- How much information can they absorb?
With their beliefs, they promote the development of problem-solving and thinking skills and popularize reflective thinking, creative thinking, intuitive thinking, discovery learning, and others.
Humanism is taken from Gestalt’s theory, Abraham Maslow’s theory, and Carl Rogers’ theory. This group of psychologists is concerned with the development of human potential.
In this theory, the curriculum is after the process, not the product; focuses on personal needs, not on the subject; and clarifying psychological meanings and environmental situations. In short, curriculum views founded on humanism posit that learners are human beings who are affected by their biology, culture, and environment. They are neither machines nor animals.
Along this line, curriculum developers must craft a more advanced, more comprehensive curriculum that promotes human potential. Teachers educate not only the minds, but the hearts as well.
4. Sociology and Curriculum
Among the major foundations of curriculum development, the sociological theory emphasizes the influence of society on education. It is founded on the belief that there is a mutual and encompassing relationship between society and curriculum because it exists within the societal context. Though schools are formal institutions that educate the people, other units of society educate or influence the way people think, such as families and friends, and communities.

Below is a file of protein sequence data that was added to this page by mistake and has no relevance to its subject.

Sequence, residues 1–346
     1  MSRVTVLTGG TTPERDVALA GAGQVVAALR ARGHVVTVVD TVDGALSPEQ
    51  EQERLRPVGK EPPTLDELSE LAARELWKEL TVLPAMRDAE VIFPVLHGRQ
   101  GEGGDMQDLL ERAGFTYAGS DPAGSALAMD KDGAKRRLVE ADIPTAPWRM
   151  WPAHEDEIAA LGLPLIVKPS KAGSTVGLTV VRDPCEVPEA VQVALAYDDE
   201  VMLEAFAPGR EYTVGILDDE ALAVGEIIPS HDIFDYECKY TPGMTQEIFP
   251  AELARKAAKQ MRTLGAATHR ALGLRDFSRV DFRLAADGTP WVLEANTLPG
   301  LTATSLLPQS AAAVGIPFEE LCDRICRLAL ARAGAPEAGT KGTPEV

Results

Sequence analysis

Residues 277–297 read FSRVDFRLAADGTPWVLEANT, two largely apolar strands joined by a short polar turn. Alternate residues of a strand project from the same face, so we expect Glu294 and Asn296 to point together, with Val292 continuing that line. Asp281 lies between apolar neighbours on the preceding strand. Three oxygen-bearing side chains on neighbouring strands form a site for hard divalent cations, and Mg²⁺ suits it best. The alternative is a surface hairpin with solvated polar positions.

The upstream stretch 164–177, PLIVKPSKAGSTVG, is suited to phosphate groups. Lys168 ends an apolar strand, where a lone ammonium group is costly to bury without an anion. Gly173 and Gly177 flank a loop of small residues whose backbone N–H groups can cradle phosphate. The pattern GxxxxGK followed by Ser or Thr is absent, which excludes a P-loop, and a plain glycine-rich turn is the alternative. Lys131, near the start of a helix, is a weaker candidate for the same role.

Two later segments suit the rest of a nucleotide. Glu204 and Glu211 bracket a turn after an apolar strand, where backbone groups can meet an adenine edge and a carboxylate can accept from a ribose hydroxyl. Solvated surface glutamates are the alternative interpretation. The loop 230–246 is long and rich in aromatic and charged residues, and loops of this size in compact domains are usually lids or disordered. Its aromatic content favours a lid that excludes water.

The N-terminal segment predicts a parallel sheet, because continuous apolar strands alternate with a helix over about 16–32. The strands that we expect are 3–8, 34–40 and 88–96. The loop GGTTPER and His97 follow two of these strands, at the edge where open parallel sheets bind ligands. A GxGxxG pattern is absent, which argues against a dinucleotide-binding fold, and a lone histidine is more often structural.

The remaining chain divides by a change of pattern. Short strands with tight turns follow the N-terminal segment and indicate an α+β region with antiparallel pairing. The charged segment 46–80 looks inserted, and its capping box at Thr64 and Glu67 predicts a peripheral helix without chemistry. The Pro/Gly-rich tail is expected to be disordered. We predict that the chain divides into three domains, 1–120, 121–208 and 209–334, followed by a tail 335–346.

Since society is dynamic, many developments are difficult to cope with and adjust to. But the schools are made to address and understand the changes not only in one’s country but in the world as well.
Therefore, schools must be relevant by making their curriculum more innovative and interdisciplinary. A curriculum that can address global learners’ diversities, the explosion of knowledge through the internet, and the educational reforms and policies recommended or mandated by the United Nations.
However, it is also imperative that a country must have maintained a curriculum that reflects and preserves its culture and aspirations for national identity. No matter how far people go, it is the country’s responsibility to ensure that the school serves its purpose of educating the citizenry.
Now, it is your time to reflect. Can you think of your experiences in which the major foundation of the curriculum can explain it?
Try to ask yourself the following questions:
- Why should I take history, philosophy, psychology or even PE subjects in college?
- Why is it that the Department of Education is implementing K to 12 and the mother tongue-based curriculum?
- Why is there institutional amalgamation?
- Why is there “One UP” (One University of the Philippines) now in the Philippines?
- Why is there a need for a globalized higher education?
These questions imply that change will take place soon. So, brace yourself for the many changes that will take place in education!
Bilbao, P. P., Lucido, P. I., Iringan, T. C., and R. B. Javier (2008). Curriculum development. Quezon City: Lorimar Publishing, Inc.
© 2015 January 9 M. G. Alvior | Updated: 6 December 2020